Today was the day that collegiate squash started a century ago. The men’s squash teams of Harvard and Yale played each other in February 1923 at the Racquet & Tennis Club. This is the global start of university squash—the annual varsity match between Oxford and Cambridge began in December 1925.
Harvard beat Yale 4-1. The only Eli to win was Luke Williams, then the national intercollegiate tennis champion. Crimson winners included Palmer Dixon, future National Singles champion and Carroll Harrington, who I wrote about here a dozen years ago:
There is some confusion about whether this historic match was played on Saturday the 17th or Sunday the 18th. The New York Times reported on Monday the 19th that they played on the 18th:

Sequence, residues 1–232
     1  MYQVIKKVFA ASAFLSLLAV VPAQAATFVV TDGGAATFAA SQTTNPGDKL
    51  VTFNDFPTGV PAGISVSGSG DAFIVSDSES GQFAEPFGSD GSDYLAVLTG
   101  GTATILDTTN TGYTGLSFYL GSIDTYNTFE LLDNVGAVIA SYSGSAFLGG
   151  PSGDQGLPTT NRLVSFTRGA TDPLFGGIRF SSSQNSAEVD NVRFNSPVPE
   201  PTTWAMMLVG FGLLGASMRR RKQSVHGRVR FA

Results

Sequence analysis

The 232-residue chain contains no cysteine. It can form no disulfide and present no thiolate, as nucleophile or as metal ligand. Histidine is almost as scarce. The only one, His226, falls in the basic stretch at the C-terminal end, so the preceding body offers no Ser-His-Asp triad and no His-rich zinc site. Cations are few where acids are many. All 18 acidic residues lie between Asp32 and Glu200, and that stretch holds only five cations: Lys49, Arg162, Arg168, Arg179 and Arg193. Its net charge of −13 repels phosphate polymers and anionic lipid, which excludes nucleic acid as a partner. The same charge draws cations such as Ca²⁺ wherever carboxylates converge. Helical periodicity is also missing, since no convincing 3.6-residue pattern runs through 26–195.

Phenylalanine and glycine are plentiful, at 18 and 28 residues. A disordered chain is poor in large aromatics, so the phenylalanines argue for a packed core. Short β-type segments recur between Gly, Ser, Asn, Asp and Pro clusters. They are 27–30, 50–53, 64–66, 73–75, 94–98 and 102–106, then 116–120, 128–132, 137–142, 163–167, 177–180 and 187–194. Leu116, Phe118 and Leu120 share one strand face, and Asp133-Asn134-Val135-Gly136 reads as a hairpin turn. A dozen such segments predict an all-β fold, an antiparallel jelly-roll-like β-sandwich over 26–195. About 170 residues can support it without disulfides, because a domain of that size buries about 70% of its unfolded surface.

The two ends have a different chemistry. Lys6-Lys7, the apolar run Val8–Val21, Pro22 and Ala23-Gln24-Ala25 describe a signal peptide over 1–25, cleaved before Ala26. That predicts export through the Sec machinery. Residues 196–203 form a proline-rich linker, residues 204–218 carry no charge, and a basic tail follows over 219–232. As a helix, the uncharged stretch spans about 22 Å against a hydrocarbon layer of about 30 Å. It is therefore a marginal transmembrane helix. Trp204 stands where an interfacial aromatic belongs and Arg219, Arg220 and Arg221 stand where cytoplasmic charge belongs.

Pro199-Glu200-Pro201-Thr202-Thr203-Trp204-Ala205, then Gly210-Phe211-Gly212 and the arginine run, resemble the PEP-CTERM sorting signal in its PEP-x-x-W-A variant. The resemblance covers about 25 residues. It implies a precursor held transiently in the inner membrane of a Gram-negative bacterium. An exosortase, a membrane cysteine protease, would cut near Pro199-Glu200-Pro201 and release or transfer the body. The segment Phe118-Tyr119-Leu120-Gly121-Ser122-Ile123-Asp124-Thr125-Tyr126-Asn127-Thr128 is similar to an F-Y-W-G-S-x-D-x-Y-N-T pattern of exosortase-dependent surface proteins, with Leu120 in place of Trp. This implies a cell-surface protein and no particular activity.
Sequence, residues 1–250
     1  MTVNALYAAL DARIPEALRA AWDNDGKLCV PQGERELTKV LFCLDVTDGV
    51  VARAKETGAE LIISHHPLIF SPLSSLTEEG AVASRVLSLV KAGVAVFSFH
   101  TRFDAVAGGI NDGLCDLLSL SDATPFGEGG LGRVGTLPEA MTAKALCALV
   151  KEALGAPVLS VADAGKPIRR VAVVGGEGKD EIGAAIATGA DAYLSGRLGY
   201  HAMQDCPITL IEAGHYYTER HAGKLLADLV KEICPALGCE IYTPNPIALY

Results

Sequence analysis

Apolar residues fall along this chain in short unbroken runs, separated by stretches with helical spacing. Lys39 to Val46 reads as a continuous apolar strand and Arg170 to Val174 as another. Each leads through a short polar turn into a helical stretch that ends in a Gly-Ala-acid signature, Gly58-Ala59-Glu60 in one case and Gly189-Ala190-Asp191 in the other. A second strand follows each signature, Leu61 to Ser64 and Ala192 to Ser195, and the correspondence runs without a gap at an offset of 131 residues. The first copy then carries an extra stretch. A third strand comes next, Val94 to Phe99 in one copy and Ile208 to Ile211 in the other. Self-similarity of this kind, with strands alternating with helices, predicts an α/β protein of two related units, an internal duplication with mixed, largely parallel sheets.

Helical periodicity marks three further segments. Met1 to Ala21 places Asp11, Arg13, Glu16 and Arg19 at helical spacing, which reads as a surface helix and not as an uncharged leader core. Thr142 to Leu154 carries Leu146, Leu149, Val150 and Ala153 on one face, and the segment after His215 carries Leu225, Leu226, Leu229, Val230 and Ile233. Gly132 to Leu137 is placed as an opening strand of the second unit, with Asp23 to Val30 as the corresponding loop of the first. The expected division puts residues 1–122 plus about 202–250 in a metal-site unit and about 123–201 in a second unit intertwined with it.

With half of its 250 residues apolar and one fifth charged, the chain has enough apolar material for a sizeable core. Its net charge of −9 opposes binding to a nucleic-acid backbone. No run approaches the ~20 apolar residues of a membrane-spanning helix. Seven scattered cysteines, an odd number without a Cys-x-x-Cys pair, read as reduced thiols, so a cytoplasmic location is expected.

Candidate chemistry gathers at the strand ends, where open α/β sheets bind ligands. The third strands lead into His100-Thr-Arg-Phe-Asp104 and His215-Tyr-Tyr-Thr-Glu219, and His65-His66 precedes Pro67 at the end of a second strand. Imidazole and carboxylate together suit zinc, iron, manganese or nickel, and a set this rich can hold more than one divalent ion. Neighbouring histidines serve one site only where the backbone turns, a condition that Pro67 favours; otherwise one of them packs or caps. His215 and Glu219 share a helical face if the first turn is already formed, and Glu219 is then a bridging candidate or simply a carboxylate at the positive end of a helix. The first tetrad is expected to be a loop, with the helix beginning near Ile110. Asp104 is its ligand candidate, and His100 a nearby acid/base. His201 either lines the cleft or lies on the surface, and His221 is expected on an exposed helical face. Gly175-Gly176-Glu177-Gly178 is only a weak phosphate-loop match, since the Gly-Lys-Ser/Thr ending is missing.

The Crimson, the Harvard school newspaper, also published a piece on the match on Monday the 19th. They said that it occurred on Saturday the 17th:
Today, on the exact day—or perhaps a day late—I went to New York to quietly celebrate the centennial. The R&T courts used by Dixon and Williams have long been renovated out of recognition. But I could hear a squash ball being thumped on a court, echoing down long passageways, and I thought this is enough: the sound of a ball hitting a wall, the squeak of sneakers, the call of the score.
Those ten men in February 1923 didn’t know it, but their matches were the start of one of the greatest stories in all of squash.